England batting coach Graham Gooch has stepped down from his role with immediate effect.
Gooch took up the position in 2009, but has now been ousted after talks with captain Alastair Cook and new head coach Peter Moores.
A degree of change was expected under Moores, and has been called for from all quarters after England’s 5-0 Ashes whitewash in Australia, with questions being asked over what went wrong so quickly following their success last summer.
However, those changes were not expected to include Gooch. Cook’s position as captain seems to have miraculously escaped the scepticism that has been aimed at other areas of the England camp.
Gooch has revealed it was Cook who informed him of the ECB’s decision, though of course he may have liaised with Moores prior to the meeting.
Gooch’s departure is part of Cook’s plan to move England in a new direction, though it runs the risk of causing further unrest in the dressing room.
In spite of the side’s failings over the past six months, Gooch is reportedly viewed by many of the players as being instrumental in their successes since 2009, which include retaining the Ashes Down Under.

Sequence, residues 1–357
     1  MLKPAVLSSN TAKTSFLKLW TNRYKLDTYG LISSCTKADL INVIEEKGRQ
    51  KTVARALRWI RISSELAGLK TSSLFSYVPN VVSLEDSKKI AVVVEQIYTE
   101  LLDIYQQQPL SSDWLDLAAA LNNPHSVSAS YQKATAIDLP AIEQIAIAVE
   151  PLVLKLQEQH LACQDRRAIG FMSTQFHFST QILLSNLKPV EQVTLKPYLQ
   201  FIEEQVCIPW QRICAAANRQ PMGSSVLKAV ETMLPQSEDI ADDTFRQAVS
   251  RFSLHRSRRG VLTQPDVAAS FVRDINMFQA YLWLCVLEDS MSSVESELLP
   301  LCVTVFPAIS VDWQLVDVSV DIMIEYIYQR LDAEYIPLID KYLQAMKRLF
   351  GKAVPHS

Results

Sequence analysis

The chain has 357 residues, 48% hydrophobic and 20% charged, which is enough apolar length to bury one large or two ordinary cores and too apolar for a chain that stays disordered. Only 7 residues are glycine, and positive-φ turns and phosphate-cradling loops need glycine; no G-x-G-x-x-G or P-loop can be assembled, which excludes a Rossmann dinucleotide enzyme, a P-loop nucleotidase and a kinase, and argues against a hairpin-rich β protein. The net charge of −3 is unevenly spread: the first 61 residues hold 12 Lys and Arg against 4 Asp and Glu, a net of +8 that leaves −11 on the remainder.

This is unlikely to be the end of his coaching career, though. Having worked on and off with Essex since his retirement in 2001, he will no doubt be open to offers in domestic cricket, but his career with England looks to have finally drawn to a close.
Cook is clearly not afraid to make tough decisions, but his power may come under the spotlight once again, particularly after his role in Kevin Pietersen’s effective sacking. Not only was Cook accused of stabbing Pietersen in the back, but has also been said to be ineffective at voicing the genuine concerns of his players.
Gooch has been characteristically diplomatic in his removal, insisting Cook remains the “right man to captain England".
Former captain Michael Vaughan recently predicted that Cook would get on well with Moores, in contrast to his own relationship with the coach in his first stint as England boss, which ended in 2009.
If their coach-captain relationship relies on infighting, however, then it would seem further trouble lies ahead for England. Andy Flower’s resignation earlier this year brought hope that a turbulent time in the national camp had finally drawn to a close, but it remains to be seen whether Gooch’s enforced resignation is simply part and parcel of a new era, or whether Moores’ reign will once again be more about politics than cricket.
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